Gifts can indeed be designated toward a School or department’s general use funds, or toward a particular initiative within a School. Find out who to talk to about your School or department’s top current funding priorities. A gift to your School or department will be credited in the Annual Fund.
Our tax identification number is 04-2103594. MIT is a 501(c)(3) institution, and your gift is tax-deductible within the limitations of U.S. federal income tax laws.
There are significant tax benefits associated with many kinds of gifts to MIT. Please review specific information for the type of gift you are contemplating in the “Ways to give” section of this Web site.
Each donor’s situation is unique. Although the “Ways to give” area outlines many of the tax benefits of giving to MIT, you should consult with your tax advisor to determine which type of gift would offer the greatest tax advantage for you.
It’s true: When you make a charitable donation, you’re likely to encounter a lot of specialized terminology. Here’s a brief definition of an endowed fund; and here’s one of an expendable fund. For help in deciphering more of the lingo of philanthropy, check out our glossary of giving terms.
The MIT Annual Fund is the annual solicitation effort conducted by the MIT Alumni Association, and is similar to the annual funds operated by other philanthropic organizations. The Annual Fund campaign runs annually from July 1 to June 30. Each year, the Fund credits the first $100,000 of any gift from all alumni for any purpose. Total gifts to MIT over the course of the year, thus, far exceed the dollars reported in the Fund. Other components of the MIT Annual Fund include gifts from non-alumni parents; gifts from widows, widowers, and other friends; and corporate matching gifts.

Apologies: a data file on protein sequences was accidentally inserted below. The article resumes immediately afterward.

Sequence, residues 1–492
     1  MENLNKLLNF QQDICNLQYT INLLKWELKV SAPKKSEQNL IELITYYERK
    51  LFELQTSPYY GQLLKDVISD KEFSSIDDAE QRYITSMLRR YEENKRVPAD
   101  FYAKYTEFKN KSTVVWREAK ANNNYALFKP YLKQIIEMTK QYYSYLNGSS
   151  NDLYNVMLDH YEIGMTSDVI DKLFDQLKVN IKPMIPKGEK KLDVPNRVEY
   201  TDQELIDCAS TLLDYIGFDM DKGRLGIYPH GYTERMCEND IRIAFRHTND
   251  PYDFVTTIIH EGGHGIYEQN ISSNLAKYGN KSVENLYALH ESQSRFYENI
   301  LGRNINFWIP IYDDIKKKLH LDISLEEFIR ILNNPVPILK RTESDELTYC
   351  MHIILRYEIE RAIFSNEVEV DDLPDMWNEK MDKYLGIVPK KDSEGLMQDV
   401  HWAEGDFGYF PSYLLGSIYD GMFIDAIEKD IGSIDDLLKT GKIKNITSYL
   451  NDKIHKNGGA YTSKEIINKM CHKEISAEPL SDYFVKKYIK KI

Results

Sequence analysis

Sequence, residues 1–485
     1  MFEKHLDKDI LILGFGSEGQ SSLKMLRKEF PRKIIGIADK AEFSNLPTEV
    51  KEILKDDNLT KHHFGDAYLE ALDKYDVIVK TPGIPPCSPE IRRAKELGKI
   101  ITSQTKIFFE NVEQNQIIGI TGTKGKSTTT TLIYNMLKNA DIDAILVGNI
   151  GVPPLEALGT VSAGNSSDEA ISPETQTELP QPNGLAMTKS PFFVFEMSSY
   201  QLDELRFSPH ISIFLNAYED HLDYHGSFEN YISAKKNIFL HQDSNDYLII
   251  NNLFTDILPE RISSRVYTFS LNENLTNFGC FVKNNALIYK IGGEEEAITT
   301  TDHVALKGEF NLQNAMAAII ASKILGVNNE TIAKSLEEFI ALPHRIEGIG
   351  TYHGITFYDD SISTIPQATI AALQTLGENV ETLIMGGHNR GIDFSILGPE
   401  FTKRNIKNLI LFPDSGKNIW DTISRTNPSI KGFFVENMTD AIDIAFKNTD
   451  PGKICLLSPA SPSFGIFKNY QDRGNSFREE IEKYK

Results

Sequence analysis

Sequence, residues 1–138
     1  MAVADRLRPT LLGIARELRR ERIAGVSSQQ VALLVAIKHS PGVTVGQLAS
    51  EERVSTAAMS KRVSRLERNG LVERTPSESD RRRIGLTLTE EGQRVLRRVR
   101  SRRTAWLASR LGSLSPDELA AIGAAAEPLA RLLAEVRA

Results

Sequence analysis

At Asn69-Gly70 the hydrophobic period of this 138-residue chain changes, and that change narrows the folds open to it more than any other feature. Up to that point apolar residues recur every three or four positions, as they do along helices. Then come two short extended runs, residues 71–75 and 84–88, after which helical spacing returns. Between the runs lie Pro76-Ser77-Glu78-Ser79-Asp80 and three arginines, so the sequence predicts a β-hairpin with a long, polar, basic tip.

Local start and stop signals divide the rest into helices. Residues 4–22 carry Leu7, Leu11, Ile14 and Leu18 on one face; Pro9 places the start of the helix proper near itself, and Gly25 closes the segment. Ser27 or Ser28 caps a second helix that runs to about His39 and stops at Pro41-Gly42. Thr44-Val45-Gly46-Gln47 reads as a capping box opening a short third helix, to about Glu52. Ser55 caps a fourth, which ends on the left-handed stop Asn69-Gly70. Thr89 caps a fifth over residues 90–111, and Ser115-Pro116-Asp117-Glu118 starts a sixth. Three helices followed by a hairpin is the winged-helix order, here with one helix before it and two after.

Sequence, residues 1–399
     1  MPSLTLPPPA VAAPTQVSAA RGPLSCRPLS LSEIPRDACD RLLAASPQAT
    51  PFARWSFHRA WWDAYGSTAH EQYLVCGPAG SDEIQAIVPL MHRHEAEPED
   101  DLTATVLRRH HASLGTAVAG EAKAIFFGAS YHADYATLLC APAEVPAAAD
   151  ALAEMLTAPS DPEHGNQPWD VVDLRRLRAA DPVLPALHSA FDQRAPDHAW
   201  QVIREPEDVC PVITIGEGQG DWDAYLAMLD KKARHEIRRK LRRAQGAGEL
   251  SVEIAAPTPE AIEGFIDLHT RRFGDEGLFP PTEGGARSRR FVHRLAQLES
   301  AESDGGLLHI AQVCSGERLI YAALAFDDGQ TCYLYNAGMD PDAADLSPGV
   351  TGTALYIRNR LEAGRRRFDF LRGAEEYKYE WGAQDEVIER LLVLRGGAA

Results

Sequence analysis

Gifts to all purposes are included in the MIT Annual Fund. Alumni may designate their gifts however they choose, but most elect to support one or more of MIT’s top fundraising priorities—such as unrestricted giving, the Campaign for Students, the MIT Energy Initiative (MITEI), the David H. Koch Institute for Integrative Cancer Research, or global initiatives.. Other popular areas of support include Schools or academic departments, and class projects.
The Annual Fund year runs from July 1 through June 30.
Every gift you make to the Institute will be credited to your personal giving record, your class or graduate department, your reunion gift (where applicable), and the MIT Annual Fund (up to $100,000 per fiscal year). Read examples of how gift crediting works. Note that matching gifts are also credited to your record for the fiscal year in which they are received.